THC – tetrahydrocannabinol – is the psychoactive chemical in cannabis (marijuana, weed, grass) that gives feelings of elation and euphoria, the ‘high’. THC also has medical benefits, used in treating multiple sclerosis, epilepsy, and the side effects of chemotherapy. Clinical research into the medical benefits of cannabis continues around the world.
CBD – cannabidiol – is a chemical found in hemp, and also in cannabis, that may have multiple benefits. In the United States, the cannabidiol drug Epidiolex was approved by the Food and Drug Administration in 2018 for the treatment of two epilepsy disorders. Clinical testing of CBD continues around the world.
So many countries and states recognise the potential that cannabis has to alleviate pain and suffering. At time of writing (Nov 2020), countries that have legalized the medical use of cannabis include Argentina, Australia, Barbados, Bermuda, Brazil, Canada, Chile, Colombia, Croatia, Cyprus, Czech Republic, Denmark, Ecuador, Finland, Germany, Greece, Ireland, Israel, Italy, Jamaica, Lebanon, Lithuania, Luxembourg, Malawi, Malta, the Netherlands, New Zealand, North Macedonia, Norway, Peru, Poland, Portugal, Saint Vincent and the Grenadines, San Marino, Sri Lanka, Switzerland, Thailand, the United Kingdom, Uruguay, Vanuatu, Zambia, and Zimbabwe. Others have more restrictive laws that allow only the use of certain cannabis-derived pharmaceuticals, such as Sativex, Marinol, or Epidiolex. In the United States, 35 states and the District of Columbia have legalized the medical use of cannabis, but at the federal level, its use remains prohibited for any purpose. (Source: Wikipedia.)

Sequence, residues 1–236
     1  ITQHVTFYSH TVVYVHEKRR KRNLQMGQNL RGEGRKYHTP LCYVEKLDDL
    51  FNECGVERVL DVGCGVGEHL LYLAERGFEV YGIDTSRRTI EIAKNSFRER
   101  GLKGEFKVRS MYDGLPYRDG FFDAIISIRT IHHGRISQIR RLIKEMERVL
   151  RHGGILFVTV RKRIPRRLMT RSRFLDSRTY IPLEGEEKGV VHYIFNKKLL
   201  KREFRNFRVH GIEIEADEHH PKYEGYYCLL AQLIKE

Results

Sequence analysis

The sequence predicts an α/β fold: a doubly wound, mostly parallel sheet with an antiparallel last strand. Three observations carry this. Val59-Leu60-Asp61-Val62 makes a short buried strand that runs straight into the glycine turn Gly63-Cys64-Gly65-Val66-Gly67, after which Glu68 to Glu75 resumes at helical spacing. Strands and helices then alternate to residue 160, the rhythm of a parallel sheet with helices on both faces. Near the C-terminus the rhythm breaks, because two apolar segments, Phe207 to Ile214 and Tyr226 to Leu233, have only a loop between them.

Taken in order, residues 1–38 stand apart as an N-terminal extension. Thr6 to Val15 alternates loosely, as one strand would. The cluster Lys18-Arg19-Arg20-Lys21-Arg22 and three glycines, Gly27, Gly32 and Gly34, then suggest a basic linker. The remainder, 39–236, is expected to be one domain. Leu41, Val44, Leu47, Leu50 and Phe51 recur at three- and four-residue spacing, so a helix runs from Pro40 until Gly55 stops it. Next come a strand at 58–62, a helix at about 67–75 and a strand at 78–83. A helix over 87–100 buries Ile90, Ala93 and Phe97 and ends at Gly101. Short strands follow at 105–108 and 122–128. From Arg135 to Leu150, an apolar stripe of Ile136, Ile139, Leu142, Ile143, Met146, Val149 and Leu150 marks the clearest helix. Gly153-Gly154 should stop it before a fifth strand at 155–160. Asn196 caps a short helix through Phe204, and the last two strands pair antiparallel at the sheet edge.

Things are changing fast, with the number of countries legalising recreational cannabis use accelerating. It is currently (Nov 2020) cool in Canada, Georgia, South Africa, and Uruguay, plus 15 states, two territories, and the District of Columbia in the United States and the Australian Capital Territory in Australia (Source: Wikipedia). Possession in small amounts has been decriminalised in many other countries, including in Ireland, for a first offence.
Some countries still mandate the death penalty for possession of even personal amounts of cannabis. Cannabis can get you the chop – literally! – in Saudi Arabia, China, Iran, South Korea, Taiwan and Singapore.
If there’s a hemp plant question that you’d like us to add to this resource, please email us at firstname.lastname@example.org.
Wikipedia on the hemp plant: https://en.wikipedia.org/wiki/Hemp
Wikipedia list of countries where cannabis is legal, recreational and/or medicinal: https://en.wikipedia.org/wiki/Legality_of_cannabis
Read our 420 post on why cannabis needs to be legalized worldwide, so that the hemp plant’s potential can be unleashed.
Cannabis / hemp plant leaf – Christopher Thomas, CC BY-SA 3.0 https://creativecommons.org/licenses/by-sa/3.0, via Wikimedia Commons
Main types of cannabis – By User: Photohound *derivative work:Cannab2.jpg: – Cannab2.jpg, Public Domain, https://commons.wikimedia.org/w/index.php?curid=4322629